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The U.S. Virgin Islands (“USVI”) are made up of three islands: St. Thomas, St. Croix, and St. John. You don’t need a passport to enter any of these islands if you are a U.S. citizen. However, within the group of “Virgin Islands” are several islands that do require a passport, so you will want to make sure you understand the difference.
In addition to the U.S. Virgin Islands, there are also the British Virgin Islands and the Spanish Virgin Islands. The British Virgin Islands (“BVI”) are a British Overseas Territory consisting of the main islands of Tortola, Virgin Gorda, Anegada, and Jost Van Dyke, along with more than 50 other smaller islands and cays. Since they are a British Territory, you will need a passport the enter any of these islands.
This article will focus on the U.S. Virgin Islands and the documents you need to enter these 3 beautiful Caribbean islands.
Do you need a passport to go to the U.S. Virgin Islands?
If you’re visiting St. Thomas or the other U.S. Virgin Islands from any part of the United States, you won’t have to bring a passport, exchange your currency, update your cell phone plan for international service, or go through customs or immigration.
Since St. Thomas, St. Croix and St. John are all United States Territories, U.S. citizens and permanent residents don’t need a passport to enter these islands. However, the Real ID Act is in effect, so you’ll need to make sure your driver’s license is up to date with the REAL ID Format.
The easiest way to find out if your license is a REAL ID complaint is to check and see if it has a gold star in the top right corner. If it has one, you’re all set. If not, you’ll need to go to your secretary of state’s office and update your ID.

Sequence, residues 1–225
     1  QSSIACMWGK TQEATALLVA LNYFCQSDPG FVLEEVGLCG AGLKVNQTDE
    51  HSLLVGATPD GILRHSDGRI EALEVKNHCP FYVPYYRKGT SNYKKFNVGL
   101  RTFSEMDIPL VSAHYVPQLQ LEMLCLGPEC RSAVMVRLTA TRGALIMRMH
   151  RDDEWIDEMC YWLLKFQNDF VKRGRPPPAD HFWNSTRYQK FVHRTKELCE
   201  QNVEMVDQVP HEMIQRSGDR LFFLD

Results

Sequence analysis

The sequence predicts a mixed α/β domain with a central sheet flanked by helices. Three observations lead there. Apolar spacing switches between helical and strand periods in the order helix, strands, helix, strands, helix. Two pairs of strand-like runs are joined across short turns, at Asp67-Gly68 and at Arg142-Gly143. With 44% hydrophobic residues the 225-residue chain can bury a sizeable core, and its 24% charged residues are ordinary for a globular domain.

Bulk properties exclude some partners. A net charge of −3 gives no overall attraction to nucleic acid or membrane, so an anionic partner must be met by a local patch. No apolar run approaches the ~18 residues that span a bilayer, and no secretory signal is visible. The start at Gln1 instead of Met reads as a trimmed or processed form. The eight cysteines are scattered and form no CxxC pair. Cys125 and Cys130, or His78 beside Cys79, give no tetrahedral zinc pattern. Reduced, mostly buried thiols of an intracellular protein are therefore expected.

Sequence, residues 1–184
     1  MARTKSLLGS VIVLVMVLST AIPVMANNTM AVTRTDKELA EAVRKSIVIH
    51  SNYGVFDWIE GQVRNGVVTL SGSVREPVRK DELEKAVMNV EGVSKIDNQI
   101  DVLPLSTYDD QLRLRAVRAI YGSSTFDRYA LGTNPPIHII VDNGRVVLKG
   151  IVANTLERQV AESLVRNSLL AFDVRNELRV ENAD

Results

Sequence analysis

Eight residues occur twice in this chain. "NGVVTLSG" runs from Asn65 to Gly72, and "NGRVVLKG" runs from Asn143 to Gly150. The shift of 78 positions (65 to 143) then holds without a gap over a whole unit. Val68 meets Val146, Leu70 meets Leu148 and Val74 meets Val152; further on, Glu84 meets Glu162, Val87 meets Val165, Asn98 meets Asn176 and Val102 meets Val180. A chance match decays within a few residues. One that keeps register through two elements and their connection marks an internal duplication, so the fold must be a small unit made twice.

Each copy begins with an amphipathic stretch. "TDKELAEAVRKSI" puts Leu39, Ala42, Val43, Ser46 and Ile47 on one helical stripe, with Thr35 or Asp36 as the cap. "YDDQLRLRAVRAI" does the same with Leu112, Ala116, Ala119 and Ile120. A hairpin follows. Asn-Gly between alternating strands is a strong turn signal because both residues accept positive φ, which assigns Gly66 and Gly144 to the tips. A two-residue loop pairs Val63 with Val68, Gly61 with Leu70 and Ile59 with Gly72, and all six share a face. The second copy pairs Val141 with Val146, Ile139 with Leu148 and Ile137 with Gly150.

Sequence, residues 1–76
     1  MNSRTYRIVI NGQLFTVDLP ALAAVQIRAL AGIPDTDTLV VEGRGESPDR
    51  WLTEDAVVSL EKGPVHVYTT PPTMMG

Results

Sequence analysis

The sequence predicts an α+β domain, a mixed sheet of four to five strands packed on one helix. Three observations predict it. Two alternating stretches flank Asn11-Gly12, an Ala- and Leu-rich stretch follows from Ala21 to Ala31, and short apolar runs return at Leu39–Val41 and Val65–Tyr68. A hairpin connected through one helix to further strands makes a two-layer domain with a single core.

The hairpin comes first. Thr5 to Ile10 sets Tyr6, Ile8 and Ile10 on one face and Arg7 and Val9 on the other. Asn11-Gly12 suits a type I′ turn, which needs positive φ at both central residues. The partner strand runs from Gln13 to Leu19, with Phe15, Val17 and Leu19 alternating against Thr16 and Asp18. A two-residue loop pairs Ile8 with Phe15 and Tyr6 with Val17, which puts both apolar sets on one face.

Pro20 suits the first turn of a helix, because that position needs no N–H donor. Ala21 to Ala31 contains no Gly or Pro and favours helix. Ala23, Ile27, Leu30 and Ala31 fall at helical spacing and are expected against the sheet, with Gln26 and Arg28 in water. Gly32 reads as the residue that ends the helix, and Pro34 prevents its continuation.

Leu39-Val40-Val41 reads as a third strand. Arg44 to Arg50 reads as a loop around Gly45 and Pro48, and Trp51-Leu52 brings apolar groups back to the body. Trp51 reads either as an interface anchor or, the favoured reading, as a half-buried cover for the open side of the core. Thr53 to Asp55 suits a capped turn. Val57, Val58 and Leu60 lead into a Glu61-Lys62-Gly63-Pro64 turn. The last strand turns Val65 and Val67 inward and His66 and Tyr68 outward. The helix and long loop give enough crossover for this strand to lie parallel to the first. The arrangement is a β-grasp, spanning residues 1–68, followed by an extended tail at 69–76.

If you don’t have a REAL ID driver’s license you can use another type of TSA-approved photo identification or your passport as identification.
TSA Approved Identification for the U.S. Virgin Islands
Adult passengers 18 and over must show valid identification at the airport checkpoint in order to travel. The following forms of identification are approved by the TSA:
- Driver’s licenses or other state photo identity cards issued by the Department of Motor Vehicles (or equivalent)Beginning Oct. 1, 2021, if you plan to use your state-issued ID or license to fly within the U.S., make sure it is REAL ID compliant. If you are not sure if your ID complies with REAL ID, check with your state department of motor vehicles.
- U.S. passport
- U.S. passport card
- DHS trusted traveler cards (Global Entry, NEXUS, SENTRI, FAST)
- U.S. Department of Defense ID, including IDs issued to dependents
- Permanent resident card
- Border crossing card
- State-issued Enhanced Driver’s License
- Federally recognized, tribal-issued photo ID
- HSPD-12 PIV card
- Foreign government-issued passport
- Canadian provincial driver’s license or Indian and Northern Affairs Canada card
- Transportation worker identification credential
- U.S. Citizenship and Immigration Services Employment Authorization Card (I-766)
- U.S. Merchant Mariner Credential
- Veteran Health Identification Card (VHIC)
International documentation requirements for the Virgin Islands
International travelers will need the same level of documentation to enter the U.S. Virgin Islands as is required to enter the United States.